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Forget fake news, these are the ten real 'no-go zones' in Paris

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Forget fake news, these are the ten real 'no-go zones' in Paris
There are no-go zones in the City of Light after all. Photo: AFP
12:51 CET+01:00
After Fox News, it was the turn of the British tabloids and US far-right bloggers to claim there were dangerous "no-go zones" in Paris. But what do they know? We've listed the real places in the City of Light that you'd want to avoid. Although they're more "don't-go" zones than "no-go".
In January 2015, US TV network Fox News that eight areas in Paris were absolute "no-go zones" for non-Muslims and police. 
 
 
Unbelievably the historic Marais quarter of Paris, so popular with tourists and Parisians alike featured as one of the 'no-go zones'.
 
 
Perhaps unsurprisingly, the French were outraged. And the French twittersphere, and our own article on the subject, promptly put the record straight.
 
But perhaps the Daily Express and Fox News were on to something? Maybe there are no-go zones in the city, just not the type that they were inventing. We've put together a list of ten places in the City of Light that might be best avoided. 
 
1. The roundabout at the Arc de Triomphe
 

Observe the picture above. Would you take the challenge? Photo: Steven Scheffler/Flickr
 
If you're driving in Paris, this is the number one no-go zone. There are 12 avenues that all meet at the enormous roundabout, creating a melting pot of madness and mayhem. There are no lanes marked on the street, and it's generally considered to be a complete free-for-all.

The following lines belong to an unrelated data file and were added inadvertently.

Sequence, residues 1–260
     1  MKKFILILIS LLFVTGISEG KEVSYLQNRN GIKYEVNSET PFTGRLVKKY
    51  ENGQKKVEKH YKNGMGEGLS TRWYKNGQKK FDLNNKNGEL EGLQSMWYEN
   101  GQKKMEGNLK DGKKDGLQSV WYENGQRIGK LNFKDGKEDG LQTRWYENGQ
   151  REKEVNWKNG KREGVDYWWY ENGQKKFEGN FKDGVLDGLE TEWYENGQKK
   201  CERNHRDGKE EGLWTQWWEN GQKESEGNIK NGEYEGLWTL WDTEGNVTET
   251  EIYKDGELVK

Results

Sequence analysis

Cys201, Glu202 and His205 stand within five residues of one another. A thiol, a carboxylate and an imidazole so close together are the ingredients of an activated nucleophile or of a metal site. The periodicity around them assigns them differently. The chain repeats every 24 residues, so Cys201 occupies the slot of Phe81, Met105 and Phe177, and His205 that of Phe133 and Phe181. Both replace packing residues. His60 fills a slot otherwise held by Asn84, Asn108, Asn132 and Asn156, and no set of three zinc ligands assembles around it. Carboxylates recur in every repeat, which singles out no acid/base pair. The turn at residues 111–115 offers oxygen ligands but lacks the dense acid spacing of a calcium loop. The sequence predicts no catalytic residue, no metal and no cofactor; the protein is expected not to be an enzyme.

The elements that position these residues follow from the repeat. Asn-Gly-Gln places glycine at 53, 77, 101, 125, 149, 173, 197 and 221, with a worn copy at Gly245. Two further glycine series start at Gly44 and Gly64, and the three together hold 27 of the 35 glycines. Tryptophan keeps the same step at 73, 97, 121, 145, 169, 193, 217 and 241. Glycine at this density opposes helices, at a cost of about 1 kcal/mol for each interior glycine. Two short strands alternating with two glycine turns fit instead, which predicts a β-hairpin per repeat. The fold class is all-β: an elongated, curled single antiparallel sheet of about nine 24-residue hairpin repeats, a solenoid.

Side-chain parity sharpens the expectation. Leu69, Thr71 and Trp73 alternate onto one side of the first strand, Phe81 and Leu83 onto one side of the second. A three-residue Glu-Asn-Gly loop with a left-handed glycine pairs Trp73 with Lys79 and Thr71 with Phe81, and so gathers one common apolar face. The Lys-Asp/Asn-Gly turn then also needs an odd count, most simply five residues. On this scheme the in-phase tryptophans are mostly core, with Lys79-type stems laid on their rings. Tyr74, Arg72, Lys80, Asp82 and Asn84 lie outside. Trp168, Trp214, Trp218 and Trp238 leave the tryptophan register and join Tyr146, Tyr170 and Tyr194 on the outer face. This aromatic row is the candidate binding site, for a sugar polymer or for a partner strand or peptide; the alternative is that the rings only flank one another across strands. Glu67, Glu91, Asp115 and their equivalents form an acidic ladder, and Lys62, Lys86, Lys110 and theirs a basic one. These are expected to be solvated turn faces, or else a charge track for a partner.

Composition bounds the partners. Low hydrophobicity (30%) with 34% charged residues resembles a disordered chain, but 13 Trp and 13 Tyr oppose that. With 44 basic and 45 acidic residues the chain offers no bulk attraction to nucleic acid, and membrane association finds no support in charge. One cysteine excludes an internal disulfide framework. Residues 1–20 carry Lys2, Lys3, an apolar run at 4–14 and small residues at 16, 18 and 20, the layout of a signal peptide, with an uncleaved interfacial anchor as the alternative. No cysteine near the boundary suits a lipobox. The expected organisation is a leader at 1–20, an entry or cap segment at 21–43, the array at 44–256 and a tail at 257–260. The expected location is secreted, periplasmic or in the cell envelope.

If you absolutely must drive here - and you come out the other side unscathed - then we say you can officially drive anywhere.
 
2. The Eiffel Tower on a Saturday afternoon in summer
 

If you think this queue looks big, imagine being at the end of it! Photo: John Keogh/Flickr
 
The Eiffel Tower is the most visited tourist attraction in the world - and rightly so. Around 7 million people swing by every year. But unless you love queuing or have hours to spare, you should never, ever visit it on a Saturday afternoon in the summer.
 
The best time to see it is in the evening or early in the morning. And definitely go on a weekday if possible, otherwise you might be waiting a very, very long time to see the best view of the city.
 
3. Playground areas after school or on Sundays
 
This one is for the parents out there. They know what we are talking about. When the tiny play areas called 'squares' (pronounced skwars) or aire de jeux are so overrun with enfants, meaning there is ten-minute queue for the slide and parents have to act like referees to prevent full-on toddler brawls.
 
 
Paris doesn't really have many big parks and of course hardly any Parisians have gardens hence everyone with kids flock en masse to these tiny play areas. Sundays are supposed to be a day of rest. Not here. After ten minutes you will either lose your mind or your kid.
 
If you do venture to one of the squares, make sure you insert a GPS chip in your child's leg as you'll be in real danger of losing them, given the hordes around the see-saws.
 
4. The Metro (on a baking summer's day)
 

The Paris Metro. Beware. Photo: Frenchhousehunt/Flickr
 
There is no air conditioning on most of the Paris Metro. It is overcrowded. And it often smells a bit... musty, let's say. These three reasons mean that on a sweltering hot day in July, the entire Metro system is an absolute no-go zone. We suggest you see the city on foot (Paris is an extremely walkable city) and that way you don't have to spend ten minutes with your face in someone's armpit. 
 
5. The Gare du Nord train station after dark